Take the 2-minute tour ×
Stack Overflow is a question and answer site for professional and enthusiast programmers. It's 100% free, no registration required.

I'm new at programming on the Mac. I've got me a brand new copy of XCode 4.0. I've got people asking me what versions of MacOSX we'll be able to support but I'm not sure what to tell them.

I see options for selecting an "SDK" and other options for selecting a target version. It seems the lowest I can go is 10.4 though -- even though we'd like to support 10.3, if possible without a lot of pain.

My question is, could anyone give me a quick rundown of how sdk versions and target versions fit into this? As I'm coding, what kind of things do I need to watch out for to make sure I can still support the smallest version of MacOSX? Likewise, how do I figure the G4/G5 (PowerPC) versions of MacOSX into all this? For example, on Windows, if I write an app in c#, I know that all I need to do is make sure an appropriate version of .net framework is installed, regardless of the OS. Does something similar hold true for the MacOSX?

Thanks in advance.

share|improve this question
2  
What sort of market are you targeting? Unless you have a very specific vertical market which still has significant numbers of 10.3 users (education comes to mind), targeting 10.3 is just going to be difficult to cater for. From a developer's point of view I wouldn't want to go back further than 10.5, because before that you lose Objective-C 2.0. –  Rob Keniger Aug 31 '11 at 12:21
    
We are targeting education actually. –  bugfixr Aug 31 '11 at 12:23
    
@Rob - So I've got my target set to 10.4 now; you say that I lose Objective-C 2.0 features; I don't know what those features are, so if I write code that uses a 2.0 feature, does the compiler tell me when I try to build or does the app simply not run/crash when I throw it on a 10.4 OS? –  bugfixr Aug 31 '11 at 12:26
    
The compiler will refuse to build. If you absolutely must support OS versions older than 10.6 then you really should download Xcode 3, which you can get from connect.apple.com. –  Rob Keniger Aug 31 '11 at 23:01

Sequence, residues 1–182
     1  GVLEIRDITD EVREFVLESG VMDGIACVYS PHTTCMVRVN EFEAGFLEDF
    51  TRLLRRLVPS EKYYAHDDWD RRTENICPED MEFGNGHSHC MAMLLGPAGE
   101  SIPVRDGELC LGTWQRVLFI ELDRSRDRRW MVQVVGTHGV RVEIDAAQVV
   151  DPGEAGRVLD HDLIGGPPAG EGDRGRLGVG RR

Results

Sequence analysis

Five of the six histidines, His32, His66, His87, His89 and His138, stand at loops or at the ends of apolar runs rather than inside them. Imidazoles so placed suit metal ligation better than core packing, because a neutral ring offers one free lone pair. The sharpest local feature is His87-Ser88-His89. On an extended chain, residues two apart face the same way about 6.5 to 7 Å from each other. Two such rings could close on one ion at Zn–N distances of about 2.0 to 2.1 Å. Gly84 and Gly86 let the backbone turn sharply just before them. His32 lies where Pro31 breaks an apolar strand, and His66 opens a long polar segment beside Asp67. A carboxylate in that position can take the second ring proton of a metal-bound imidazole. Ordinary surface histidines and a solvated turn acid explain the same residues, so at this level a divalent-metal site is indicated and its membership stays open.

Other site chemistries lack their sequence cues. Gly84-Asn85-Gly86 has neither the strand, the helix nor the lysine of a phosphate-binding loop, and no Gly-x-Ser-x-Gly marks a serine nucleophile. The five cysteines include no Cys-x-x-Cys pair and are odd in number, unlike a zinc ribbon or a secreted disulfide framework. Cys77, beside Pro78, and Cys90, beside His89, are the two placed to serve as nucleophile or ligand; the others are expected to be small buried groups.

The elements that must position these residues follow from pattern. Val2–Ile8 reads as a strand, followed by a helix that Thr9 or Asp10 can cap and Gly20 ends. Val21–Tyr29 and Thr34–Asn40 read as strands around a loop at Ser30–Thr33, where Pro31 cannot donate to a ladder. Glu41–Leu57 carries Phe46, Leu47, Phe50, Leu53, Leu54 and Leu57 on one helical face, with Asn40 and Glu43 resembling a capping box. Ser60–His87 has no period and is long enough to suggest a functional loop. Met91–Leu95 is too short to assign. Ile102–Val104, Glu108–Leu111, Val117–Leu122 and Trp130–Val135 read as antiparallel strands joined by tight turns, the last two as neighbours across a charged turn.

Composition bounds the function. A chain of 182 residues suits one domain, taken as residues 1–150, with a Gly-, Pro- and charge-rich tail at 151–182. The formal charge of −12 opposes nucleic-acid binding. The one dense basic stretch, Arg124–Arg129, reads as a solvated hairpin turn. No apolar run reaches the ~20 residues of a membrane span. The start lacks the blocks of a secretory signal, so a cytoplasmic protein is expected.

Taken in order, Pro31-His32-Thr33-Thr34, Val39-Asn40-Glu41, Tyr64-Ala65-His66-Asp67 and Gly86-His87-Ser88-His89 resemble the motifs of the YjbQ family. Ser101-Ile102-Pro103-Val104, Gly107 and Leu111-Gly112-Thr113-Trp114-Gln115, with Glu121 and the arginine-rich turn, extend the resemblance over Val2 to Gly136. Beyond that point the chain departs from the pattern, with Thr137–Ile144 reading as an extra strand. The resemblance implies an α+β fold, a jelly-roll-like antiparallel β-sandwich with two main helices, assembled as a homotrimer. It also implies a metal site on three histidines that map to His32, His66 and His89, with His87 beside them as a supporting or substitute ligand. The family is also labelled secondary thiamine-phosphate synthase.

add comment

2 Answers

I believe Apple has dropped PowerPC support completely, including Rosetta, in Mac OS X so 10.3 is out of the question.

If you want to support PowerPC, see this related question. It looks like a lot of work.

How can we restore ppc/ppc64 as well as full 10.4/10.5 SDK support to Xcode 4?

With the analogy to the .NET Framework, there isn't anything like that for Mac OS X built-in.

share|improve this answer
    
So how does new feature support get installed on the older versions of OSX? 10.4 existed long before the latest version of the SDK. How is that supported on OSX 10.4? Does it just require an OS update to 10.4.X to get it to work? –  bugfixr Aug 31 '11 at 12:37
1  
They don't do that. They just release a new version of Mac OS X. That's the Apple way... –  Daniel A. White Aug 31 '11 at 12:39
add comment

It is true for Mac OS X. If your program targets 10.3 SDK, it will be able to run on 10.3 or greater. I.e. the Base SDK project setting specifies minimum target OS version.

However, supporting 10.3 IS a lot of pain. Even 10.4 is not that easy, for example Objective-C 2.0 (most important, @property, garbage collection) is only available with 10.5 SDK or above.

The common solution in existing projects is to keep an old version of software available for 10.1-10.4 users, while the new versions will require 10.5 or greater (and also usually are Intel-only).

If you're starting a new project, you will probably want to distribute it via Mac AppStore, which only works on 10.6+, which means you can safely pick 10.6 SDK as the lowest target version.

Apple is way more harsh about upgrades than Microsoft. Mac users don't walk around with 10-years old systems on their laptops. The only reasons I can think of to still use 10.3 are using 10-year old mac, not having Internet connection and not knowing what “to update a software” means. So, I wouldn't care even about 10.4, not to say 10.3.

share|improve this answer
add comment

Your Answer

 
discard

By posting your answer, you agree to the privacy policy and terms of service.

Not the answer you're looking for? Browse other questions tagged or ask your own question.